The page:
Access Nested Dictionary Values

To access nested dictionary values in Python, we need to nest keys. Here is the syntax to access value available in a nested dictionary:

my_dictionary[key_one][key_two]

The above code returns the value of key named key_two. The key_two is one of the key available inside a nested dictionary, which is the value of a key named key_one. Here is an example, of accessing values available in nested dictionary:

my_dictionary = {"College": "Harvard University", "Program": "Computer Science",
                 "Student": {"Name": "Nathaniel", "Address": "1549 Scott Center Rd Sherman, New York(NY)",
                             "Marks": [97, 98, 85]}}
print(my_dictionary["Student"]["Address"])

The above program displays the values of key named Address of key named Student. Here is the output:

1549 Scott Center Rd Sherman, New York(NY)

Print All Keys of Dictionary

Sometime we need to see the name of all keys available in a dictionary. Therefore, here is the code, I've created, that list out and prints all keys of a dictionary named mydict:

mydict = {"Name": "Jonah", "City": "Forks"}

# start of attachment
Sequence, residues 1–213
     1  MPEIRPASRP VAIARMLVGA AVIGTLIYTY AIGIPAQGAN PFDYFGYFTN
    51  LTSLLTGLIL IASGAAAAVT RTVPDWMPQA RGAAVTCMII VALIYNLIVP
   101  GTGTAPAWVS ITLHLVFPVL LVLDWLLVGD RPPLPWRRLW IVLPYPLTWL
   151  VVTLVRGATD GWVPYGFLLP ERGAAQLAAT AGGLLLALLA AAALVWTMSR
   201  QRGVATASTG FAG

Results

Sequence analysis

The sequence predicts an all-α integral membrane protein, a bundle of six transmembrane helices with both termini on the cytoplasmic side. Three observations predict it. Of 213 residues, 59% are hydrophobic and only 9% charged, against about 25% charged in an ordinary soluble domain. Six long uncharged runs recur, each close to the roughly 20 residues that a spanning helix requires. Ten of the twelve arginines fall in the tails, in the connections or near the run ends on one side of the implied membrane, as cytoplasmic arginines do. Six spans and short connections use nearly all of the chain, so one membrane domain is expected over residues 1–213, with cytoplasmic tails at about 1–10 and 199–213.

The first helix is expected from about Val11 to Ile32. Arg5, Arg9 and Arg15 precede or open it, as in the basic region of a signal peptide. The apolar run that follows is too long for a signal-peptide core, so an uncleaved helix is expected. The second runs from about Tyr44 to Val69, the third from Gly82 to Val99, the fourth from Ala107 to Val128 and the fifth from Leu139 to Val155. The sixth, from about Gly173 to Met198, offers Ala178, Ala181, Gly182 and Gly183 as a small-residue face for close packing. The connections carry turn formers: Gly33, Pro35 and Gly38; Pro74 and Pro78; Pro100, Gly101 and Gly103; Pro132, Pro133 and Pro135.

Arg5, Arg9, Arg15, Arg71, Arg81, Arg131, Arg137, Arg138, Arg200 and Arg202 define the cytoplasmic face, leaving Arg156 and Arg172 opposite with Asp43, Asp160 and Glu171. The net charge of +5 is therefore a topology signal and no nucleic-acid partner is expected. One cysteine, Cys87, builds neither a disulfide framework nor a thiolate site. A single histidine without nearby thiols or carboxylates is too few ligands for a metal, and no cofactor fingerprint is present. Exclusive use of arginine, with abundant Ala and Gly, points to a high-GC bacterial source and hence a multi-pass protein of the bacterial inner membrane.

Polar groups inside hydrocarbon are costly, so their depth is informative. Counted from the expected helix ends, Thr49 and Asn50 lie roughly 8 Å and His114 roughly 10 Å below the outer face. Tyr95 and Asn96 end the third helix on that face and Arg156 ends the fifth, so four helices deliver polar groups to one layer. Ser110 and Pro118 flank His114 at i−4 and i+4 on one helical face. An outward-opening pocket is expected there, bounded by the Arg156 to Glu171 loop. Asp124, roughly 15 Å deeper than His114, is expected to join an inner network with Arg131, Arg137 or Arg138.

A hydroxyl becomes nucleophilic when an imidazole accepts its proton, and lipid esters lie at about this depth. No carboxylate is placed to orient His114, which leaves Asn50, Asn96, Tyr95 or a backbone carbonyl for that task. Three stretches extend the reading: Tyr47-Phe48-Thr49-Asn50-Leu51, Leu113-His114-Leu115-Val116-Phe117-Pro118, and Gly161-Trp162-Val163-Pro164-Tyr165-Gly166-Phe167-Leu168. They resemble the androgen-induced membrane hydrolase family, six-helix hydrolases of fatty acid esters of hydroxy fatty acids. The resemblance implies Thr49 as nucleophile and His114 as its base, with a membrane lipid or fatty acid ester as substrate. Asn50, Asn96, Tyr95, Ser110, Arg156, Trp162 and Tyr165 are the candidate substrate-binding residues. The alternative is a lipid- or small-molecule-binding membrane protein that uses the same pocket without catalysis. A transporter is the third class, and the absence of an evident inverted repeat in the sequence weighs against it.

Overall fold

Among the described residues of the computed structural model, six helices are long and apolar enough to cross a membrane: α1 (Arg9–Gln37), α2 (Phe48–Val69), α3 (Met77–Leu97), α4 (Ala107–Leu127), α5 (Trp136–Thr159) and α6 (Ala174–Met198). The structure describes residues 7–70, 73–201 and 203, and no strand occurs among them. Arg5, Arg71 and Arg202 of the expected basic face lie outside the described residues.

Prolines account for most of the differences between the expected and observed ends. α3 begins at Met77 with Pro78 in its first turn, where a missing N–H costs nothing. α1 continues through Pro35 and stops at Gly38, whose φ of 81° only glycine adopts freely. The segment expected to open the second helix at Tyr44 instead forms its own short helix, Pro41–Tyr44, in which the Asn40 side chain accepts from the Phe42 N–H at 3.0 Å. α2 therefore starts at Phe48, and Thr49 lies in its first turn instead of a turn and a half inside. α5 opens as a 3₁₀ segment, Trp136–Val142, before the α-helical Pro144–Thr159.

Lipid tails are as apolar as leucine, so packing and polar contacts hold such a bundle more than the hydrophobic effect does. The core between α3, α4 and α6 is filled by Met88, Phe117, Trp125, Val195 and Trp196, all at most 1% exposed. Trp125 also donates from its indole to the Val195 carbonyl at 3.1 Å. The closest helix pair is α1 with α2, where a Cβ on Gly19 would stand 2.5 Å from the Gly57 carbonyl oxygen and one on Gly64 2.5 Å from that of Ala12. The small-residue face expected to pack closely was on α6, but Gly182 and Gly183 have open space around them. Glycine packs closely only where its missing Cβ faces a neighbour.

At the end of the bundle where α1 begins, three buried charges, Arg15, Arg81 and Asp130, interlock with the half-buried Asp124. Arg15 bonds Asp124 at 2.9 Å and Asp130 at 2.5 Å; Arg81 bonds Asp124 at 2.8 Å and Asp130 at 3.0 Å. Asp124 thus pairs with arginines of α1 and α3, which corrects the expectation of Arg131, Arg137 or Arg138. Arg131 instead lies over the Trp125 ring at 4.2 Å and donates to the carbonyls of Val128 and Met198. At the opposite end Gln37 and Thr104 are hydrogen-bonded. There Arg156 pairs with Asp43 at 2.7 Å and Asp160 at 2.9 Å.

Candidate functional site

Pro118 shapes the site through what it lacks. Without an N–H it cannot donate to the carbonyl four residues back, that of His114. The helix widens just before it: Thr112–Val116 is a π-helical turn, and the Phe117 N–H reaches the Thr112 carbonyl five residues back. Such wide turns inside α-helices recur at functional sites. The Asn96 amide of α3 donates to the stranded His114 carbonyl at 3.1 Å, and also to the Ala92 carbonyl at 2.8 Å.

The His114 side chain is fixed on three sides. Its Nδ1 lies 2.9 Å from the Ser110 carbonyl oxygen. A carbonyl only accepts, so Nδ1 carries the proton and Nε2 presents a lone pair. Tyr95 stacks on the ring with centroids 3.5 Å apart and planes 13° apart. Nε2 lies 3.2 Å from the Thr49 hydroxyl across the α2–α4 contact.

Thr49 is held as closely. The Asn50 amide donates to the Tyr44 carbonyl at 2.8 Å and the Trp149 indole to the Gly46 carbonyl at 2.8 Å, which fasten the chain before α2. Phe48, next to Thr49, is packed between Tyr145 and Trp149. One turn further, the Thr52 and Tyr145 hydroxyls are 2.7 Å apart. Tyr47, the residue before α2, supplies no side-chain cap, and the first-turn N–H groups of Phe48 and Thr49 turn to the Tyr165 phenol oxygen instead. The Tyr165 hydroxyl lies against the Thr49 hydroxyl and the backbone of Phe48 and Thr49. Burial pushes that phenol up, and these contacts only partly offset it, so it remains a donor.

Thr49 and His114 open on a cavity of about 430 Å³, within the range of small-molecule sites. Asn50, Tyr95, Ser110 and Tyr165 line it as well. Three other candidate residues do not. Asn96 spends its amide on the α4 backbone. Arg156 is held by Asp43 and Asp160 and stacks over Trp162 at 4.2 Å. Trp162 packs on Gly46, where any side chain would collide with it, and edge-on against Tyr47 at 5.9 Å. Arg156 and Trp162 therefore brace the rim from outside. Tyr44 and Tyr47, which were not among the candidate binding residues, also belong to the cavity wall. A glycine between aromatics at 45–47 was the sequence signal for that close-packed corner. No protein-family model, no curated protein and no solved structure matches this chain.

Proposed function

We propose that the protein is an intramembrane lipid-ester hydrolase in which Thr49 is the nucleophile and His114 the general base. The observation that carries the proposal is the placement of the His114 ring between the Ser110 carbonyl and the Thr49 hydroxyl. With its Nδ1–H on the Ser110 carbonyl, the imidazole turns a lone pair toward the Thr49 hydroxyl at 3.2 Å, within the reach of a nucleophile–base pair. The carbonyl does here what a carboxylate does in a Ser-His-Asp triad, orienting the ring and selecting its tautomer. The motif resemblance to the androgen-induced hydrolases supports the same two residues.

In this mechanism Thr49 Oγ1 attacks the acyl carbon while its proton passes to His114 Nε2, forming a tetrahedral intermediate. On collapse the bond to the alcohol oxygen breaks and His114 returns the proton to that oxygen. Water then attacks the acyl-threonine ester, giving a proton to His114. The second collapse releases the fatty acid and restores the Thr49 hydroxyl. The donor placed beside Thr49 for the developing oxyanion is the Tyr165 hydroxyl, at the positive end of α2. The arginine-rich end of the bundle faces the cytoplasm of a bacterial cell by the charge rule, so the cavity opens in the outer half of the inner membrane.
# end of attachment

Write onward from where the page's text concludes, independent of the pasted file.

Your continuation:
for d in mydict:
    print(d)

Here is its sample output:

Name
City

Print All Values of Dictionary

Most of the time, we need to see all values of dictionary, except the whole dictionary. Therefore, here is the program, I've created, shows how to access and print all values of a dictionary in Python:

mydict = {"Name": "Jonah", "City": "Forks"}
for i in mydict:
    print(mydict[i])

Here is its sample output:

Jonah
Forks

The above program can also be replaced with following program. This program uses values() method to do the same task, of printing all dictionary values:

mydict = {"Name": "Jonah", "City": "Forks"}
for i in mydict.values():
    print(i)

This program produces exactly same output as of previous one.

Print Keys and Values of Dictionary

This is the program, I think everyone need to get, while learning dictionary in Python. Because, getting and printing all keys and values of a dictionary in manual way is needed most of the time. Therefore, I've created a program, that shows how to print keys and values of a dictionary without its default format, by manually formatted output: